Migrants and the NHS: The Real Cost
The Conservatives have claimed an increase to the Immigration Health Surcharge (IHS) of £625 has the potential to bring in over £500 million annually. However, without robust statistics or evidence calculating such a figure, is this just another way to perpetuate the not-so-‘redundant’ hostile environment?
Overview on Immigration Health Surcharge
Immigrants from outside the European Economic Area (EEA) currently pay a £400 health surcharge when applying to come to the UK to work, study or join family for 6 months or longer. This charge is an upfront fee that accompanies visa applications, hiking the charge to £2,000 for a five-year stay in the country.
Yet now the Conservatives are looking to increase the charge as well as extend it to EU citizens who enter the country on a UK visa after Brexit. The Tories find that international individuals on work, study or family visas are haemorrhaging the NHS, costing £625 per year while contributing ‘only’ £400. This means a working migrant coming to the UK can expect to pay £3,125 alongside similarly extortionate visa fees, just to enter the country.
“It is difficult to see why EU workers would choose the UK as an international home when the UK Government makes it so clear that they are unwelcome.”
However, the Conservatives’ research is refuted easily: immigrants pay taxes, meaning even if the figure was accurate, migrants contribute elsewhere. These taxes – paid by both British citizens and migrants in the UK – are not differentiated. Migrant or not, taxes are spent by the Government in the same way. Besides, research overwhelmingly finds that migrants put far more into the public purse than UK-born residents manage to in their lifetimes.
The Tories’ ‘figures’ are in direct opposition to many leading economists and researchers, notably Oxford Economics which in 2018 found EU nationals pay £78,000 into the UK economy more than they take out of it through welfare or public services.
Key researcher Ian Mulheirn said: “When it comes to the public finances, European migrants contribute substantially more than they cost, easing the tax burden on other taxpayers.”
Confusion over Surcharge
FullFact have similarly been stumped by the new announcement, confused over the Tories’ wild findings: “Like people permanently living in the UK, those from overseas pay things like VAT, income tax, fuel duty, tobacco duty and any other regular taxes which go into the pot of money the government uses to pay for things like the NHS.”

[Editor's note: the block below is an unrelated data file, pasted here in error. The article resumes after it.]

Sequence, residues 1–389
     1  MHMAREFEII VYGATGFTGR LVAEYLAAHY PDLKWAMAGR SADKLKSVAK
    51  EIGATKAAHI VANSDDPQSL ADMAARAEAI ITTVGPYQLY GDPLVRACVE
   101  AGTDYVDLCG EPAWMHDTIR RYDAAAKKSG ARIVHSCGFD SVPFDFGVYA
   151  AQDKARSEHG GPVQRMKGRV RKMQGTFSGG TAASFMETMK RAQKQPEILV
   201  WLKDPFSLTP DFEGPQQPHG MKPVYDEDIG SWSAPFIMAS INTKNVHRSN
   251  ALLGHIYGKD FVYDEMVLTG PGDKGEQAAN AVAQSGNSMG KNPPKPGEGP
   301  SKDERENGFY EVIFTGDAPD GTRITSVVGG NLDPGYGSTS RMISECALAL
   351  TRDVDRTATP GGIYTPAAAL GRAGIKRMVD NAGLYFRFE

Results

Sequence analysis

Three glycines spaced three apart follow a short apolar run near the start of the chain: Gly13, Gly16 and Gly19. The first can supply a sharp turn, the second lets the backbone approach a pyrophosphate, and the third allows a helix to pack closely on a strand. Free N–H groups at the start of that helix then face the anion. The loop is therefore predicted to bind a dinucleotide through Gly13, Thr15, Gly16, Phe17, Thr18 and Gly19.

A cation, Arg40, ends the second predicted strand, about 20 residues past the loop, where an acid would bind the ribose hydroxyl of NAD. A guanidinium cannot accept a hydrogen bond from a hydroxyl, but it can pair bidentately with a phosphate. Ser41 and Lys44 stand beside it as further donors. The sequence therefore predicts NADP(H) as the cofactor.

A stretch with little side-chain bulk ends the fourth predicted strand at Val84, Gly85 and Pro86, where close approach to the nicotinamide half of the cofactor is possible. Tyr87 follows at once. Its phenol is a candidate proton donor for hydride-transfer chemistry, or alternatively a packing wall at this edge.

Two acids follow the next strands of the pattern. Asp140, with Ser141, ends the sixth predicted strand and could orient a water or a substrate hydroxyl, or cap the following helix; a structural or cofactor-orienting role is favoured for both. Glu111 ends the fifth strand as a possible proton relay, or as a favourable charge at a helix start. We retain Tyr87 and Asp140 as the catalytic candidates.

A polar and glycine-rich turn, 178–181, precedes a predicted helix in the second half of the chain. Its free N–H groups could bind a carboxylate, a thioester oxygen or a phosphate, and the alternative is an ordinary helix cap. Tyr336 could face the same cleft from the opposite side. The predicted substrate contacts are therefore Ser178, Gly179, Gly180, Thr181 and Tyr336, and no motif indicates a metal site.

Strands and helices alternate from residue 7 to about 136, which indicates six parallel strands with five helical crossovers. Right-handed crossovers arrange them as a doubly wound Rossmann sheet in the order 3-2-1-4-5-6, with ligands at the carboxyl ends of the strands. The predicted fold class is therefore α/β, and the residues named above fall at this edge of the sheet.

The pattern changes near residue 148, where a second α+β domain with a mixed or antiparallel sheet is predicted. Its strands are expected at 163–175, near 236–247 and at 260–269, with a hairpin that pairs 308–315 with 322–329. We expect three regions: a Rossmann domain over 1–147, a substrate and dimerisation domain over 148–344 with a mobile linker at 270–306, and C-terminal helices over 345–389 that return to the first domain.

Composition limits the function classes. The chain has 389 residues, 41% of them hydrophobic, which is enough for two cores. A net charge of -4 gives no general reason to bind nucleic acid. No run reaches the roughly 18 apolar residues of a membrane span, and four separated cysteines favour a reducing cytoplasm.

FullFact continued: “It’s unclear where the Conservatives’ estimate of the average cost to the NHS of people on work, study or family visas comes from.” It has also requested the party shed light on the £500 million a year claim, especially since it appears contradictory to that of Tory MP Edward Argar who stated in October that the average surcharge payer costs £480 per year. Why this has now become £625 merely one month later is unknown. It appears to have been plucked out of thin air.
The move comes as the fee only doubled this January: prior to the beginning of 2019, migrants could pay £200 per year upfront to use the NHS. However, even this sparked controversy when it was implemented in 2015 as NHS doctors. nurses and care workers feared the IHS charge was deterring staff from working in the UK and ought to be scrapped entirely.
Statements from the Government
Prime Minister Boris Johnson’s statement that “British people pay huge amounts to great NHS care, it is only fair that everyone in the UK does” is nonsensical considering the already eye-watering surcharge and high taxes paid by immigrants. This anti-immigration rhetoric, deliberately planting a seed of prejudice by suggesting migrants don’t contribute to the UK economy and its public services, is reinforcing the hostile environment. Johnson bizarrely defended the new surcharge as a move for equality, stating: “As we come out of the EU we have a new opportunity for fairness and to make sure all those who come here are treated the same.”
“This anti-immigration rhetoric, deliberately planting a seed of prejudice by suggesting migrants don’t contribute to the UK economy and its public services, is reinforcing the hostile environment.”
Home Secretary Priti Patel said: “We will reduce immigration overall while being more open and flexible to the highly skilled people we need, such as scientists and doctors,” highlighting her ignorance on the vitality of work carried out by so-called ‘low skilled’ labourers. It is difficult to see why EU workers would choose the UK as an international home when the Government makes it so clear that they are unwelcome.
It is disappointing, as always, to see the Conservatives pander to such fierce anti-immigration narratives but it is sadly no longer surprising.
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